Number 3 in Asia
The third day of the Chinese New Year is often called the “Squabbling Day”. People will avoid visiting family and friends on this day as it may result in quarrels. A visit to the temple is a better choice.
Three in Buddhism – The Three Jewels
We find the number three in the Buddhist Tiratana. The Tiratana is also known as the Three Jewels of Buddhism.
The 3 circles are symbolic for:
1. The Buddha
2. The Dharma (his teachings)
3. Sangha (his followers)
The symbol of The Three Jewels shown on a Buddha footprint.
Buddhism – The Three Cardinal Faults
At the very center of the Samsara, The Wheel of life, there are three symbols of the cardinal faults of humans.
The pig symbolizing greed
The snake symbolizing hatred
The cock symbolizing delusion
Holy Trinity Hinduism
Three is the holy number for the Trimurti /Trinity of Brahma, Vishnu and Shiva.
These three gods make up the One Supreme God, Brahman:
Brahma – the creator of the world
Vishnu – the preserver of the world
Shiva – the destroyer of the world
A tilak is a religious mark on the forehead. Devotees of Shiva may often be seen using a tilak of three horizontal lines. (Devotees of Vishnu use a tilak of two upward lines.)
At the beginning of religious ceremonies, it is common that the priest takes water in his right hand and drinks it.
This is repeated three times. This clears his throat before the chanting starts, he can do so with clarity and is absolved of sin. This is called “Aachman”.
Japan – The Three Wise Monkeys
Hear No Evil
Speak No Evil
See No Evil
The Three Wise Monkeys – Toshogu Shrine, Japan. The Three Monkey Philosophy:
Kikazaru: covering his ears to hear no evil.
Mizaru: covering his eyes to see no evil.
Iwazaru: covering his mouth to speak no evil.
Baku, the dream eater.
Baku has its origins in Japan and China. It is a strange, but cute hybrid creature featuring many different animals.
Baku has the power to eat nightmares.
Bad dreams go through Baku’s digestive system and are totally eliminated, leaving serenity in its place.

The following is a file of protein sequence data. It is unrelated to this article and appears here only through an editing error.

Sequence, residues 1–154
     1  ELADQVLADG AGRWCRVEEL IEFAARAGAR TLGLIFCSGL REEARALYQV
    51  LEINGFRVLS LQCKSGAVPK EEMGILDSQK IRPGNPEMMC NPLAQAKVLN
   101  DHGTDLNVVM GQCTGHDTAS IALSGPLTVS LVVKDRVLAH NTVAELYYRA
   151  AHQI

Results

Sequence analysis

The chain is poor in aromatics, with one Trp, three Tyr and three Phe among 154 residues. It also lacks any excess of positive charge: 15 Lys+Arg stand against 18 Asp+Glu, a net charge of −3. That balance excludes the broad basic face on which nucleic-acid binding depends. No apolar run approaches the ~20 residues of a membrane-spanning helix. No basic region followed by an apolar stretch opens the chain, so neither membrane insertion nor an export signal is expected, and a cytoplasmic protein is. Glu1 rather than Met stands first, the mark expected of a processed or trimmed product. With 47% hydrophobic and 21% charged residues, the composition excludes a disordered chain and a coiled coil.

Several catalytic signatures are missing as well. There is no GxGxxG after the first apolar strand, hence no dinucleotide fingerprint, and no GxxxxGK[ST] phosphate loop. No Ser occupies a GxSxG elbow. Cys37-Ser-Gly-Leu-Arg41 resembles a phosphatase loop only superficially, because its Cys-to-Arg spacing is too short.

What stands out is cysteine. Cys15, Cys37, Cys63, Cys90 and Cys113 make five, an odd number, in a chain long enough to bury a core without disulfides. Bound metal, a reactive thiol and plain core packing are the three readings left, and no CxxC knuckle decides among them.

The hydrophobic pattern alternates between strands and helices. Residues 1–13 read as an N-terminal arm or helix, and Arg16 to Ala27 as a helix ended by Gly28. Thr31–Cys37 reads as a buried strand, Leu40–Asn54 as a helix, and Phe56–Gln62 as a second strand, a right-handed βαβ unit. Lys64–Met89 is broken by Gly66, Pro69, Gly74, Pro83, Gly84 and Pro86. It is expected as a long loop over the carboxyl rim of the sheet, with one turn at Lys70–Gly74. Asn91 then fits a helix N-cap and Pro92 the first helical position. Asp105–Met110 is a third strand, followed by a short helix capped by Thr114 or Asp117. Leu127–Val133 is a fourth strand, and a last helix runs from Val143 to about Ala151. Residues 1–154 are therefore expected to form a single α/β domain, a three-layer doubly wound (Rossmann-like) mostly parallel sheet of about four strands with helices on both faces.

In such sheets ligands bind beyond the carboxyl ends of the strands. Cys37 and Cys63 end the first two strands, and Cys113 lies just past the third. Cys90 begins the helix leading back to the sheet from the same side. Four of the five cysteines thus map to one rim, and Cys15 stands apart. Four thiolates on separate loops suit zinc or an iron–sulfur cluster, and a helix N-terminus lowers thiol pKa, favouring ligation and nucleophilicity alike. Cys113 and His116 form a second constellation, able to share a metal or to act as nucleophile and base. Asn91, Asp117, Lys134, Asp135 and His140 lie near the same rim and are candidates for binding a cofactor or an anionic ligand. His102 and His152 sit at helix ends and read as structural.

Baku will consume nightmares on request.
Superstition has it that a person experiencing nightmares must call out three times to Baku; “Eat it, Baku”.
The River of Three Crossings – Japanese Buddhism
The River of Three Crossings is also called the Sanzu River.
It is the river the dead must cross. There are three different places the dead may cross the river.
The karma (good and bad deeds of the person) determines at which point the dead may cross the river.
1. The Bridge – the dead person with very good karma may use the bridge to cross over to the other side.
2. The Ford – the dead person with good and evil deeds may wade across the river at this point.
3. The water polluted with gruesome serpents – the dead person with evil doings must wade across the river at this point.
The Doll Festival
The Japanese celebrate Hina Matsuri, (Doll Festival) on March 3, the third day of the third month. The Doll Festival is also known as “Girls’ Day”.
Earlier it was believed that dolls could ward off evil spirits and illness. Dolls were sent floating down the river, to carry away trouble.
Now dolls are displayed on special platforms in the home. Dolls are also sent out to sea.
This is a special day devoted to the happiness and protection of girls.
Shinto – The three symbols of the sun goddess
The Mirror – symbol of truth and wisdom
The Jewel symbol of compassion
The Sword – symbol of strength and courage
These symbols are associated with the sun goddess, Amaterasu.
In Japan they celebrate Culture Day on November 3rd.
It is a National Holiday and the prestigious award “Order of Culture” is presented to a praiseworthy person who has promoted arts, science or culture.
The award is handed over by the Emperor personally.
Culture festivals are held throughout the country.
The Tomoe symbolizes the three foundations of Shinto philosophy.
The three flames of the Tomoe symbol represent the Earth, Heavens and Humankind.